The fruits of Eric Cantor’s new “YouCut” project made it to the House floor last week, with results entirely predictable: nothing passed, and it did so amid great partisan kerfluffle. But according to the House Minority Whip’s office, some 280,000 people voted online or via text on the particular measure they’d like to see deleted from the federal budget, in what Cantor’s new media guy described as “the most direct use of technology to establish a more direct democracy in the history of the federal legislature.” Mission accomplished? Not quite.
Leaving aside the question of whether or not we settle the federal budget via popular vote in this country (if you like direct democracy, you’re going to LOVE California), something’s rotten at the core of YouCut. Of course the language involved in describing the various programs YouCut participants vote to “kill” is slanted (just about any government program taken out of context can be made to sound ridiculous), but that’s politics. And yes, it’s a naked attempt to get the emails and cell numbers of Tea Partiers and their fellow travelers, but again, list-building via online activism is an internet classic. I’m talking about something more fundamental: YouCut is dishonest, the cynical act of a leadership that’s put the scoring of short-term political points ahead of developing a coherent plan to govern.
Any time you ask someone to take a political act, you’re implicitly asking them to trust you that it matters. As former MoveOn organizer Adam Green said on a panel we shared at last year’s Personal Democracy Forum, you need to give them a clear and effective path to change in the real world. By that measure, list-building for list-building’s sake is an insincere act, something my friend Charles Lenchner has also argued in the nonprofit space. These guys are purists, no doubt, since almost every organizing activity we do in politics has some element of cold calculation involved. Names are names and supporters are supporters, and campaigns and advocacy groups MUST build their lists if they’re going to be able to leverage support, raise money and apply politicial pressure in the long run.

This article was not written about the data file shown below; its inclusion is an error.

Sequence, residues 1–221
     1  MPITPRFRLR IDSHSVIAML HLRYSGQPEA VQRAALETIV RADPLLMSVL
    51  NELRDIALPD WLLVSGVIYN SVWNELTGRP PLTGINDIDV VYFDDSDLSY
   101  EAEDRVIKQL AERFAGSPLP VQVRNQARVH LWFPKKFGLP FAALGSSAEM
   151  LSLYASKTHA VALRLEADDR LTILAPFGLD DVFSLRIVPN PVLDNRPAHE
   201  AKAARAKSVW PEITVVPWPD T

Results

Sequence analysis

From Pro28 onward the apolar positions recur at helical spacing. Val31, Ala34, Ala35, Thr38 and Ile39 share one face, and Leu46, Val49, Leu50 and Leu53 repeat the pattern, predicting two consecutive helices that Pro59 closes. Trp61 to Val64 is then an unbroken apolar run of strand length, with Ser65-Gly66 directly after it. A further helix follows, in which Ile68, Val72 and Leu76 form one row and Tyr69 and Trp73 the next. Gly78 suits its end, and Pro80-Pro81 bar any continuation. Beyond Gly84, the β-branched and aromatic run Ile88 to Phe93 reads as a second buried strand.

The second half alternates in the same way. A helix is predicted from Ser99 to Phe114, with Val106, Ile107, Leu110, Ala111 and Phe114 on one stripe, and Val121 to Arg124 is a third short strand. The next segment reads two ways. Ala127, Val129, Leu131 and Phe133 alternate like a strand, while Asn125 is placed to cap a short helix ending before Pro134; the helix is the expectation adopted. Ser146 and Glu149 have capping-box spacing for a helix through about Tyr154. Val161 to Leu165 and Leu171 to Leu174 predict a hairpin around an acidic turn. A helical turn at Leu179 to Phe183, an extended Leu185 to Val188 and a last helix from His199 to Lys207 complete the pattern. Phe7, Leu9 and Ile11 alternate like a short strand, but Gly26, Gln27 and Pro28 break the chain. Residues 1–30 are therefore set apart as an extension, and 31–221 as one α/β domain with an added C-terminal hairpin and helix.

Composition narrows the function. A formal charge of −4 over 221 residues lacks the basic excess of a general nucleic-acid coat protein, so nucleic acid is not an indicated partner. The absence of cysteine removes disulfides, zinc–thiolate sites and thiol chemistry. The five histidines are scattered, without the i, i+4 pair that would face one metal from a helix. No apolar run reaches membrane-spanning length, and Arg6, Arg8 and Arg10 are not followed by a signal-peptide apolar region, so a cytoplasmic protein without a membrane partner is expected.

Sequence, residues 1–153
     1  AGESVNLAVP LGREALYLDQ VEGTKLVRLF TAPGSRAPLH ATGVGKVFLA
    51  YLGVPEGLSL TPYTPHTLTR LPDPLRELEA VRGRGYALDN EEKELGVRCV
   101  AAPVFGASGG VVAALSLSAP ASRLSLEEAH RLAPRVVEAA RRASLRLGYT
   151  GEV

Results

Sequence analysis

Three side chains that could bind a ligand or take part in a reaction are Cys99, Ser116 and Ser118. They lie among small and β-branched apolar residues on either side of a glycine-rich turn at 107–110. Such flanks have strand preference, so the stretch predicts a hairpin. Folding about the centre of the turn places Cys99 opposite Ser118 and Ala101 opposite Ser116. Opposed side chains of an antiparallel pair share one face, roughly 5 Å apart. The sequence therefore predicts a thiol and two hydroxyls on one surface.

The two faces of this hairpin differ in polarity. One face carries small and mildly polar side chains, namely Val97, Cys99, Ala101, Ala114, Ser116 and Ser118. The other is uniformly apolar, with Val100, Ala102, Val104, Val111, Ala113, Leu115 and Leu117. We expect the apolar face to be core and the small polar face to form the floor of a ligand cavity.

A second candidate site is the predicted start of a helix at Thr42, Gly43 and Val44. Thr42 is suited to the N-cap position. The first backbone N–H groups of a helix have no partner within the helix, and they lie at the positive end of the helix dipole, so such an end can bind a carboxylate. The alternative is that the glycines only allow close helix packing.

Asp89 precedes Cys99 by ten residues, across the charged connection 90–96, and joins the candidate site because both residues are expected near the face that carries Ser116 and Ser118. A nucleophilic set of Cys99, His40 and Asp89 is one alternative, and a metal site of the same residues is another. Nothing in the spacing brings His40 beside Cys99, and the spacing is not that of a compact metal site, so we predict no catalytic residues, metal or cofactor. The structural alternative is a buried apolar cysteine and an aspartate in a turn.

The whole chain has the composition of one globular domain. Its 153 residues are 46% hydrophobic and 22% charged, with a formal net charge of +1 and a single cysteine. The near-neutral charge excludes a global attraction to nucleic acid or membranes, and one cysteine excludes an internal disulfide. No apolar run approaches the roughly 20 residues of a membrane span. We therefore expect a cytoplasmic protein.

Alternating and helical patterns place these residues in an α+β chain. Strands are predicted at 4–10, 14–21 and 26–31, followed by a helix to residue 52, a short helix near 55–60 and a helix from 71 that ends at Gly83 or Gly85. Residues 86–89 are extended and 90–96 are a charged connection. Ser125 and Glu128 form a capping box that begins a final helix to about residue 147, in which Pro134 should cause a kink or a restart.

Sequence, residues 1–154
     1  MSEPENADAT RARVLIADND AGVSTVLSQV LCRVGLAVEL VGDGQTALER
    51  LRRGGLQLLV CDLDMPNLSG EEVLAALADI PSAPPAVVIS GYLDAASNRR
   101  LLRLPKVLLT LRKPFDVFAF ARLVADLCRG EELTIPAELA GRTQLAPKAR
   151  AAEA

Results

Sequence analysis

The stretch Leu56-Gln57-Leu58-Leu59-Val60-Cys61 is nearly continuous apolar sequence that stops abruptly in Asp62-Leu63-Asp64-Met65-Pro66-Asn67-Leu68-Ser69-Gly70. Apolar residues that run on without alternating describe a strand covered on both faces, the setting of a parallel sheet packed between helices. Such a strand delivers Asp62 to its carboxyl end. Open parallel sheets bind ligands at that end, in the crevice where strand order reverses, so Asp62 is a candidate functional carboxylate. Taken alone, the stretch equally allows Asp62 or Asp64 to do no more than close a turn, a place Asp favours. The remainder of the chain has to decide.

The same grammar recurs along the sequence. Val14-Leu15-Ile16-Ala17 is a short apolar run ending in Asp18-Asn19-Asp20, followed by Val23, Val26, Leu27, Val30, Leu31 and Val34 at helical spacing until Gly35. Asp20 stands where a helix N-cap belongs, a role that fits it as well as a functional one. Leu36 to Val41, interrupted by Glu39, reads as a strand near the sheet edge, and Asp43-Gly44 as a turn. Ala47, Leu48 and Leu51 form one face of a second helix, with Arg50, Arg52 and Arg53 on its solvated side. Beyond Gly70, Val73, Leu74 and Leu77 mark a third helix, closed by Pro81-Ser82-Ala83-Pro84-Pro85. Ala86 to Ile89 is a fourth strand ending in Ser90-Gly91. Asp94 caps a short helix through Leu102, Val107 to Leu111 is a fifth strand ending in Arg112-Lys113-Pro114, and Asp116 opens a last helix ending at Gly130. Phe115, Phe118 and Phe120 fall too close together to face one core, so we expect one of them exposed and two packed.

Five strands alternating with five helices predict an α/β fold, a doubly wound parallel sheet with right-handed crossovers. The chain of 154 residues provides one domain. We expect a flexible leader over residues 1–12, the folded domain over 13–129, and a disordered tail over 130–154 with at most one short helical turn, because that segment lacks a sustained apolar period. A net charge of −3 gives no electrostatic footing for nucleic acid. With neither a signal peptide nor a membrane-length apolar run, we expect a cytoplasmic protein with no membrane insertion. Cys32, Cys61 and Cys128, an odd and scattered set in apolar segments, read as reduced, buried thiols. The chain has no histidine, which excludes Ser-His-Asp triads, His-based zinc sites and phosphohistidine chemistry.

So there’s a balance involved in most online outreach, between the short-term need to get people to take a single concrete act and the long-term need to expand the support base. And here’s where I fault YouCut: by failing on the first front, it endangers the second. Let’s be honest — there is no way in hell that the Democratic leadership is going to let the Republicans kill the programs voted on under YouCut, any more than a Republican leadership would let a Democratic minority get away with something similar. YouCut provides NO effective way to change policy, other than through some amorphous process of awareness-raising, making it at heart a lie — Cantor is asking people to vote for something with zero chance of passing. In fact, after last week’s public charade, I wonder if it’ll even it make it to the House floor again.